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Athens News Agency: News in English, 08-05-02

Athens News Agency: News in English Directory - Previous Article - Next Article

From: The Athens News Agency at <http://www.ana.gr/>

CONTENTS

  • [01] U.S. on South Stream deal
  • [02] Rhodes top holiday destination

  • [01] U.S. on South Stream deal

    The U.S. government was in no way displeased by the agreement for Greece's participation in the South Stream natural gas pipeline with Russia, of which Washington had been promptly informed, but was concerned over an efficient European energy market. This was stated by <font color="#FFFFFF" size="2" face="Verdana">US Deputy Assistant Secretary of State for European and Eurasian Affairs Matthew Bryza on Thursday, during a detailed briefing at the U.S. State Department. Bryza added that Washington was happy for as many pipelines to pass through Greek territory as Greece desired but stressed Washington's view that priority must go to the construction of the TGI pipeline that will carry natural gas from Azerbaijan to Turkey and Greece and from there, ultimately to Italy. The U.S. official also noted that the supply of 80 percent of natural gas consumed by Greece by one company, Russia's Gazprom, laid the country open to the dangers of depending on a monopoly. Bryza added that Washington's primary concern was an efficient European energy market and that Greece was just one part of the equation - an important section but simply a point on the map. Noting that national security was best served from an economic standpoint when markets operated "efficiently" - and that the most important strategic markets for the U.S. were those of Europe - Bryza stressed that the European market was currently "completely dysfunctional". He also pointed out that Gazprom "is currently buying natural gas in central Asia for one third of the price for which it was sold to Europe" and that European consumers were forced to pay the price for this "power of monopoly". Underlining that the U.S. had backed the TGI and interceded directly to persuade Azerbaijan's leadership to go through with the project, Bryza said in response to other questions that South Stream was designed to undermine competition and "derail" the TGI and Nabucco pipelines. In the event that this happened, the U.S. would be not be harmed at all and Azerbaijan was not obliged to deploy its gas, he added, while there were plenty of alternative options to help allies that wished to diversify their sources of natural gas. Among these he listed the Nabucco and LNG pipelines, noting that these could pass through Romania and Bulgaria, Greece, Italy, Croatia, Poland and other countries. Washington had many options but would prefer to stick with its original choices, and had thought that it was supporting the policy of the Greek government, which it supported as a good ally, Bryza said.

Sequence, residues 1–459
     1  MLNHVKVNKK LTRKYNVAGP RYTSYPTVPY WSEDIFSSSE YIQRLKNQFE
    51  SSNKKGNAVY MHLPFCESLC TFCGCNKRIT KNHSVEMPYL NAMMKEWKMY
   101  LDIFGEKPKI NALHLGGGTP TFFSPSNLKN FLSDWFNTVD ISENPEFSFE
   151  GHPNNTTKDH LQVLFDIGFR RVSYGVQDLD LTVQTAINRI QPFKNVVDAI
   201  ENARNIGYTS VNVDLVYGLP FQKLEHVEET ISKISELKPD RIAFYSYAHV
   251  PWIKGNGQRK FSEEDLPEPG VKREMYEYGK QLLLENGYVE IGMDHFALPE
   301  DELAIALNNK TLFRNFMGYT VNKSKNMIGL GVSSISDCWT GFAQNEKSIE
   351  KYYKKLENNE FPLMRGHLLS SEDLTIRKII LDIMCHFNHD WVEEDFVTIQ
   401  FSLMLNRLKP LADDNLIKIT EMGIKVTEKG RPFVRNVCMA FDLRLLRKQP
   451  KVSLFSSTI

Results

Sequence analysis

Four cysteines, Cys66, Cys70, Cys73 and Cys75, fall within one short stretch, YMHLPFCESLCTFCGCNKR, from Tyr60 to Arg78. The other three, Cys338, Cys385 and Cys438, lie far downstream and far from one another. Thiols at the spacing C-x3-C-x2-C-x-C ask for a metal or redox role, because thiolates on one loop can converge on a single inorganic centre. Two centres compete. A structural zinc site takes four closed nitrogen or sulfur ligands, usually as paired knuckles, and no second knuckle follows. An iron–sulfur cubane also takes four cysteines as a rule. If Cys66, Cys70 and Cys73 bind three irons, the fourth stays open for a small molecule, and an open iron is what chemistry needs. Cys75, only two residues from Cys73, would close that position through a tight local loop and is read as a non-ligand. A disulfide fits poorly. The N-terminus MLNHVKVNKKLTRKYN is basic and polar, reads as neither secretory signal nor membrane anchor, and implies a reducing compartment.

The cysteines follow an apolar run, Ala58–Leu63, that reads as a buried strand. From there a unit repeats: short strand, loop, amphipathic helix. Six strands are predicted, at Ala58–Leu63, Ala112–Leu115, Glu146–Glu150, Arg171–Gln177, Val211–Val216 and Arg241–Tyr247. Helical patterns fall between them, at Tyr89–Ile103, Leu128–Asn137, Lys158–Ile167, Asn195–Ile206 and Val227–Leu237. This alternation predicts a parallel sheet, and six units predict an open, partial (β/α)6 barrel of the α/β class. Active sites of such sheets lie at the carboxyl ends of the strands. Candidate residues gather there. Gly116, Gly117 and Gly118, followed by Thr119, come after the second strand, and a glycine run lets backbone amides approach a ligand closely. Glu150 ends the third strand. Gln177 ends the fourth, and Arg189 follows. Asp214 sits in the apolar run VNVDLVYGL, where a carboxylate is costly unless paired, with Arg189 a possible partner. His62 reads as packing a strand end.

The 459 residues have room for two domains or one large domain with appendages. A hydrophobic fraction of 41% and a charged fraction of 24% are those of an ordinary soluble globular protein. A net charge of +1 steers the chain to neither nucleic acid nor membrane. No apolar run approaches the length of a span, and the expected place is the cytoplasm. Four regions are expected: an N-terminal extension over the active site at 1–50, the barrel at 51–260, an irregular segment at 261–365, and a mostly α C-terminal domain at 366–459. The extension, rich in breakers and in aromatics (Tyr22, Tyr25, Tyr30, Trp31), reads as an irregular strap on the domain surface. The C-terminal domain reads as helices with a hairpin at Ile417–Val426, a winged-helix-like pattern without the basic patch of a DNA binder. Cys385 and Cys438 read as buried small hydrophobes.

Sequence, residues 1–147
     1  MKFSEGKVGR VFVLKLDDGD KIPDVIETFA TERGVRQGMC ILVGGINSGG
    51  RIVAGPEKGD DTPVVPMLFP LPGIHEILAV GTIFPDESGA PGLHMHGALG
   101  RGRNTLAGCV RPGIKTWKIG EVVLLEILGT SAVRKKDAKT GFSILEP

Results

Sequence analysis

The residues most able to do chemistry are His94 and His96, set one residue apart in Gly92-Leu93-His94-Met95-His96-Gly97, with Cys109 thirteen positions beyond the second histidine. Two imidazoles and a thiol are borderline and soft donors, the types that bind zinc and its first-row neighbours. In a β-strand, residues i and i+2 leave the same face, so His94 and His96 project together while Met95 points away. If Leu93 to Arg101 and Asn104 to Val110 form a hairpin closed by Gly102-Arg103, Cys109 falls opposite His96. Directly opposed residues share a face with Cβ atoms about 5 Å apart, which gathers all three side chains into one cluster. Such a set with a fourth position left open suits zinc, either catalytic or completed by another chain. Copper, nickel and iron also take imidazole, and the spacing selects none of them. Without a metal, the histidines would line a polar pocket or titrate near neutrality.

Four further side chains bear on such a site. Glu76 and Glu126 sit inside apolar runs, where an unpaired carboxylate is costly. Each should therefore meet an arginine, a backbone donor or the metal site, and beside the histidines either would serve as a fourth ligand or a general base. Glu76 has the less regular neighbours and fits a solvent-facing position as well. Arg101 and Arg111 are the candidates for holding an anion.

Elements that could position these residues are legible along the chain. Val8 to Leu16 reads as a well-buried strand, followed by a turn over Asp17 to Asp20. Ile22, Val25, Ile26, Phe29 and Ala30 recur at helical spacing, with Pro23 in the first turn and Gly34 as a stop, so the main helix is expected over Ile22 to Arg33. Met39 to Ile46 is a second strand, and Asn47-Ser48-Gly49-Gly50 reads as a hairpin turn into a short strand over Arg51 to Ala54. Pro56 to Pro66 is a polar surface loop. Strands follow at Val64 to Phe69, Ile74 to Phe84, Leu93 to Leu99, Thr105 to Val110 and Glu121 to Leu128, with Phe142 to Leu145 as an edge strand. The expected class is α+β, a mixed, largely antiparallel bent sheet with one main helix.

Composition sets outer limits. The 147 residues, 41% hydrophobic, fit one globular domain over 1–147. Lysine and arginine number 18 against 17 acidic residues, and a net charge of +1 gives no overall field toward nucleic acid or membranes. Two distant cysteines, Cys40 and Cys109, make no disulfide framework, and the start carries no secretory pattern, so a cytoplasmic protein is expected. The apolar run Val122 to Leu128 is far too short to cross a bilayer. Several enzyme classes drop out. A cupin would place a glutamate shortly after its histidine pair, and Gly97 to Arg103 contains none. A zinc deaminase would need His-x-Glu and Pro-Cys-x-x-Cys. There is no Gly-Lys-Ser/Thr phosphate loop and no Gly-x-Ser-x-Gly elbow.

Replying to questions, the U.S. official denied that Greece was seen as "playing some sort of game" but stressed Washington's disagreement with Athens' view on the specific issue. The U.S. view was that more pipelines would not increase energy security, as the Greek government supported, but energy security would arise when the various pipelines led to different sources of supply.

    Washington's goal was to have natural gas from the Caspian Sea transported to international markets, in addition to Russian oil. In this case, Greece would be in a much stronger position to negotiate with its main supplier, Gazprom, Bryza added.

    He especially emphasised the importance of giving priority to the construction of the TGI. While conceding that Greece was clearly in favour of constructing the TGI, he expressed doubts about whether "all sides" in Greece appreciated the importance of which pipeline arrived in the market first and warned against delays.

    Bryza also stressed Greece could achieve its goal of becoming an important energy hub by completing the TGI and could easily have both the South Stream and the TGI, provided that the TGI was completed first. Otherwise, he added, it might well end up with only the South Stream.

    Caption:ANA-MPA/EPA file photo of the installations of the main natural gas pipeline in the village of Boyarka, close to Kiev, Ukraine. EPA/SERGEY DOLZHENKO

    [02] Rhodes top holiday destination

    The island of Rhodes in the southeastern Aegean has been voted the top tourist destination in Europe and the fifth-best in the world, according to a survey carried out by the Internet-based travel service TripAdvisor.

    Experts in the tourism sector said that the current economic crisis, in spite of rising fuel prices, concerns about the repercussions on the environment, has not dampened demand for travel, which remains popular and especially within Europe.

    The next most popular destination after Rhodes is the city of Salzburg in Austria, while the top two destinations worldwide were Milford Sound and Queenstown in New Zealand.

    TripAdvisors has six million registered users and receives about 25 million visits to its website every month.

    Caption:ANA-MPA view of the Medieval Castle in Rhodes


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